Jump to content


Article: Thinking Outside the Box - Case Study on an 04 F150 cruise control

Recommended Posts

Thinking Outside the Box

An 04‘ Ford pickup came into the shop with a non-functioning cruise control system that had already spent some time at a couple of other shops. None seemed to give the customer any kind of answer as to why the cruise control wasn’t working. And, like many of these types of jobs I get in from those “other” shops, they all eventually come to the same conclusion as to what’s wrong with the vehicle. You know, the typical bail out answer for a problem they couldn’t solve. They’ll tell the customer, “It must be electrical”, and of course, they don’t do electrical. Seriously, what isn’t electrical these days?

A lot of times I find the term “It must be electrical” is just an excuse from these other shops to throw their hands up and send the customer down the street. They either don’t understand the diagnostic procedures or have already spent way too much time swapping parts and components hoping they’ll eventually run across a solution rather than actually diagnosing the symptoms.

I’m not one to shy away from some “electrical” problem. I’m more than a bit bull headed and stubborn enough to stick it out to the very end. Even if that means going to the extreme to diagnose a given problem. This one was no different. But, first things first, as always, verify the customer’s complaint. So, off on a test drive I go. Sure enough the cruise wouldn’t engage. There was no green indicator on the dash and no signs of any action taken by the PCM to engage the cruise. Now, it’s back to the shop and grab the scanner.

Codes were absolutely no help. No codes were stored and no history to see. Which, is probably where these other shops stop testing things and came up with their conclusion, “It must be electrical”. For me, codes are only step one of many to solve an electrically related problem. Let’s face it, codes are not the defining answer. Today’s cars have so many different methods of watching the various components involved with each system that it just makes sense to use the scanner as a tool to aide in diagnosing, and not just simply for reading codes. For this problem using the scanner to look at the PID’s (Parameter Identifications) was going to be more than a bit helpful.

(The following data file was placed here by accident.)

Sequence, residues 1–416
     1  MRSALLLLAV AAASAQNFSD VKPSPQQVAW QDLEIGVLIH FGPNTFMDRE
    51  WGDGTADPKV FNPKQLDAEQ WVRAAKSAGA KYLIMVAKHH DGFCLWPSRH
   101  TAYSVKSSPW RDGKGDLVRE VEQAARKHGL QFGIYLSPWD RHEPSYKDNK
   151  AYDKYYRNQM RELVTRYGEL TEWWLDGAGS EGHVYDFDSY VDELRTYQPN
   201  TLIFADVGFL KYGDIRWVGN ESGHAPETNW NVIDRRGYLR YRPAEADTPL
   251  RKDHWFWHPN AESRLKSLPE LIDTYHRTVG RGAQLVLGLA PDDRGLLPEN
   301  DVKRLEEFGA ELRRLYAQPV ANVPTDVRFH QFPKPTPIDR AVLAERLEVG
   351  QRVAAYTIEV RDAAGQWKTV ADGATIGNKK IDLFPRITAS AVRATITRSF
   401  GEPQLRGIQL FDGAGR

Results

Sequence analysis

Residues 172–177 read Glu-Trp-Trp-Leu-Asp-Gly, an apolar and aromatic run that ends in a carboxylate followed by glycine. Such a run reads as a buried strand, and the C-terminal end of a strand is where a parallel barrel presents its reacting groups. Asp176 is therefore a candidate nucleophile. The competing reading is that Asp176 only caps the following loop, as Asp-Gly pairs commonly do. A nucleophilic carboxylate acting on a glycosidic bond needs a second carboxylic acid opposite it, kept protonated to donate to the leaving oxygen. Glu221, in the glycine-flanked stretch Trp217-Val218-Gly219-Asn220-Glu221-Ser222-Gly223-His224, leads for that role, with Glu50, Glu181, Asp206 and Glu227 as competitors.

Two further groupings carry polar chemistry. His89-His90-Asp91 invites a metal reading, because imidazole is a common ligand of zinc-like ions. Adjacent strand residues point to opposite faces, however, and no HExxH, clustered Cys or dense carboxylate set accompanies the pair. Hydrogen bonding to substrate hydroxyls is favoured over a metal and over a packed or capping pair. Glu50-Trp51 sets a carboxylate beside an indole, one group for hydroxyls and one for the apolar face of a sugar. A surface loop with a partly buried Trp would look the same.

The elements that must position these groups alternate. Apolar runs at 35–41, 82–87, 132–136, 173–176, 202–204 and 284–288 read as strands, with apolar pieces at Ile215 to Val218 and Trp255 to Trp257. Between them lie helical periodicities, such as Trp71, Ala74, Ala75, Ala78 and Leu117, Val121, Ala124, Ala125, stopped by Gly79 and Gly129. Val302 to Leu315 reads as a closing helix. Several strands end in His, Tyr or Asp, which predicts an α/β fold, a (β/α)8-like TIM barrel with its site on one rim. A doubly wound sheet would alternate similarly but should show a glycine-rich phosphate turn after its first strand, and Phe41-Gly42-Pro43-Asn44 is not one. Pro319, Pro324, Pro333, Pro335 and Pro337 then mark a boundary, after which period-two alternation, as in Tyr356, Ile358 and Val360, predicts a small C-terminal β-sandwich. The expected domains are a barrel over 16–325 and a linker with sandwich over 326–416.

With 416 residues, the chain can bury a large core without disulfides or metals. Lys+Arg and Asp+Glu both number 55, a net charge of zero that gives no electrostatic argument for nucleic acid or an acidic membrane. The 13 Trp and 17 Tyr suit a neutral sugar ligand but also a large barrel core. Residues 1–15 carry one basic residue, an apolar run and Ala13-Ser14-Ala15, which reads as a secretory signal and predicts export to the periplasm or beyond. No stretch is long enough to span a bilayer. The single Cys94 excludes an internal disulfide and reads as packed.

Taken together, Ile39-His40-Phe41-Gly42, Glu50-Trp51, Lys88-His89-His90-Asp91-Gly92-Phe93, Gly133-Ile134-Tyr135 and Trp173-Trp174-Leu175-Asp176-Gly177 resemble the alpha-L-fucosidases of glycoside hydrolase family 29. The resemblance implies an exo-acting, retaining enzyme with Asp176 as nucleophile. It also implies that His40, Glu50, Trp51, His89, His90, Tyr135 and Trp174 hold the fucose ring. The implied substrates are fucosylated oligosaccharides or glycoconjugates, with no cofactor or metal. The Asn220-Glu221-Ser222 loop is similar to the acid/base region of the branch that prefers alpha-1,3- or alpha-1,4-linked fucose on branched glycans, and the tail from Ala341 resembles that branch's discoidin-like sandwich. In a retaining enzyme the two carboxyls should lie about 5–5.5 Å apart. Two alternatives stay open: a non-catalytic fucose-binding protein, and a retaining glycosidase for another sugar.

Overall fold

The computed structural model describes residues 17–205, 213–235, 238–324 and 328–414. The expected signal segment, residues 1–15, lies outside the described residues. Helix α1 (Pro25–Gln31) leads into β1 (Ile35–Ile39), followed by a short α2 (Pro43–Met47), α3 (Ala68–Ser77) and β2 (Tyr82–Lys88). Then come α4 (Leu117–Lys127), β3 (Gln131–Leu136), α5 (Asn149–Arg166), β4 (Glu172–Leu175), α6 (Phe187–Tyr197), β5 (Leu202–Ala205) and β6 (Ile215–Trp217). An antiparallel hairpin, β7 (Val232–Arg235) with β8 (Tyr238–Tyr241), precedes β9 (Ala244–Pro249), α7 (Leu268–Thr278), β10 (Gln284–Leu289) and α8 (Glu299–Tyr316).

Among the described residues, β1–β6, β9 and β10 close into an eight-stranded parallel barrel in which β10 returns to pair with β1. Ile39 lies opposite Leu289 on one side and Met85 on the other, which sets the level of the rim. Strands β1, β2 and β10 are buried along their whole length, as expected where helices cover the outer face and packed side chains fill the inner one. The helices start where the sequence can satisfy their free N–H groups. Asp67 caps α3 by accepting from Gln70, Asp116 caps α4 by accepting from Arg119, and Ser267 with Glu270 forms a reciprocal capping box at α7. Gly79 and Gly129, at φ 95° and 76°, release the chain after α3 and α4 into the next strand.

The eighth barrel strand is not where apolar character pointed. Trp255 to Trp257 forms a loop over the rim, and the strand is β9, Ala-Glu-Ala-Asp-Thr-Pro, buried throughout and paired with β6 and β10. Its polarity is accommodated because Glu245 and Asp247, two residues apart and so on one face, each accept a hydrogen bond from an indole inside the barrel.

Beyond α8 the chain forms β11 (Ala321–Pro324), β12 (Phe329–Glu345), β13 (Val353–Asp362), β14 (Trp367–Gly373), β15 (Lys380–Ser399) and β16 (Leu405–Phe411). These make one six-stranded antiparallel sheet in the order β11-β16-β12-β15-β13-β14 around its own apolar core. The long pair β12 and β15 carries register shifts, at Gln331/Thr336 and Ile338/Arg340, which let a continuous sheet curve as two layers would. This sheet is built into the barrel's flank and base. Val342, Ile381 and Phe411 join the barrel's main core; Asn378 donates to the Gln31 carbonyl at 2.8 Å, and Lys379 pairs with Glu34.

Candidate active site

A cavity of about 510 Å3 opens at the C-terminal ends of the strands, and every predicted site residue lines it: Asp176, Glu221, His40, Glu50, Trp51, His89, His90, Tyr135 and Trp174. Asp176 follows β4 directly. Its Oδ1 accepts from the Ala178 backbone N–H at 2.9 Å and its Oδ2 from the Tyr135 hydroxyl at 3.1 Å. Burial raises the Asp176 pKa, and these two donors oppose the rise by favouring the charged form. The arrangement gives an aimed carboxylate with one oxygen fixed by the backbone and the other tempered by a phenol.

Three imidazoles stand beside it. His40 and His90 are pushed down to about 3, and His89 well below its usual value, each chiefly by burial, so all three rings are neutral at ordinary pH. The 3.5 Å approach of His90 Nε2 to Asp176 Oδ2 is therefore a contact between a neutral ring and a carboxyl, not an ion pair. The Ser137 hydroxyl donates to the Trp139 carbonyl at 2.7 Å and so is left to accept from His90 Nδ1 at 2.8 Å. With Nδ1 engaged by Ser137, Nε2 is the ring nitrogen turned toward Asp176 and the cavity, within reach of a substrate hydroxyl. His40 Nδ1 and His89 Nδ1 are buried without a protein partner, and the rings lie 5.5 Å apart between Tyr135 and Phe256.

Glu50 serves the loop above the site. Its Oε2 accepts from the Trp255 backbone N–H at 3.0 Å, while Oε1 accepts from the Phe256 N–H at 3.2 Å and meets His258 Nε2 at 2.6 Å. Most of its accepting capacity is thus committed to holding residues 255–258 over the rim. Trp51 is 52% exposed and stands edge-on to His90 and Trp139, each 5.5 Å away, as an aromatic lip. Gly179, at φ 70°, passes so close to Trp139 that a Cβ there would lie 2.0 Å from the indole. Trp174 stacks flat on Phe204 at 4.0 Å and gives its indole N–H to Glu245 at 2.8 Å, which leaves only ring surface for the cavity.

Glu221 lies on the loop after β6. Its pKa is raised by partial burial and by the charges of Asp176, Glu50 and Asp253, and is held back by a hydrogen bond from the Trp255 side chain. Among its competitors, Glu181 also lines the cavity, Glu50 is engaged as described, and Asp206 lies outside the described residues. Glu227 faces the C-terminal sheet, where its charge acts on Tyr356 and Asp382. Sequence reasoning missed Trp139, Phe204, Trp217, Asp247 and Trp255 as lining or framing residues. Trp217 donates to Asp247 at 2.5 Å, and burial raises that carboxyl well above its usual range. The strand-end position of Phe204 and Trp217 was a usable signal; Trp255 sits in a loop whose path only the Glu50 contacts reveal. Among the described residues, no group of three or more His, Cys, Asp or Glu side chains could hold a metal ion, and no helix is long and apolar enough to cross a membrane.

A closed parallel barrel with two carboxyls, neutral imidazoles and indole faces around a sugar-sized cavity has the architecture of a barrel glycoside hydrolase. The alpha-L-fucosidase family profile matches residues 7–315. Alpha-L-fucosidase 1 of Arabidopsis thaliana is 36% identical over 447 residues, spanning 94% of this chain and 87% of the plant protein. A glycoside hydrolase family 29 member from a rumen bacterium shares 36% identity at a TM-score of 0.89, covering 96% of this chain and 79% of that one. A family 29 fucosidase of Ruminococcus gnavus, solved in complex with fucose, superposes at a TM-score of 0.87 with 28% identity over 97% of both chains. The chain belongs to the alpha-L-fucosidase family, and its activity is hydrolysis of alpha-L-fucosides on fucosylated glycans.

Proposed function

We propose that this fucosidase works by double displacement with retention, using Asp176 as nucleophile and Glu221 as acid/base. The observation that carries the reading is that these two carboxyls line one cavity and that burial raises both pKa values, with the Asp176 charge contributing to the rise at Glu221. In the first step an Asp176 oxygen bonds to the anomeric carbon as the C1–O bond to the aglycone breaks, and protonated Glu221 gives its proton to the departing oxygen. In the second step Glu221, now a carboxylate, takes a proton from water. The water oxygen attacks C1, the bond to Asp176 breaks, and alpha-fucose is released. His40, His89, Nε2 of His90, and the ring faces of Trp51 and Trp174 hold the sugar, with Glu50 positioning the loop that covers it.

As I’m sitting in the service bay watching every function involved with the cruise (according to the operation description), I did not see anything out of place or giving me incorrect readings. Everything from the emergency brake signal to the BOO (Brake On-Off) signal were correct. There didn’t seem to be anything standing out as the culprit, but there had to be something, something that everyone else has overlooked. Sitting in the service bay is not where the cruise control does its job. The vehicle has to be brought up to speed, before you can rule out if all the various components are actually working according to the manufacturer’s specifications. So, it’s back out on the road, but this time with the scanner installed. The safest method is to have a co-pilot watching the laptop screen. With the truck moving down the road there was only one item that didn’t act the same way it did when the car was stationary, and that’s the BOO signal. As we drove around the BOO stayed ON all the time. It never switched from ON to OFF when the brakes were applied.

It’s back to the shop to try this whole thing again. This time I left the engine running and watched the BOO signal. As I pushed the brake pedal down, the signal switched back and forth from OFF to ON just as it should. Now what in the world is going on? I know I saw a constant ON signal while we were driving, but it shows ON/OFF as we are sitting still. That’s when I reached over and dropped it into drive and allowed the truck to roll forward just a bit. Well what do ya know, the signal never switched anymore. But, in park it worked just fine. I tried the same thing over and over again, and every time I had the same results. It can’t be the brake switch, I’m not changing anything there. The only thing that’s changed is the gear selector. So it’s got to be something with that. Could it be the TR switch? (Transmission Range) Nope, it’s working perfectly. So, what else can it be?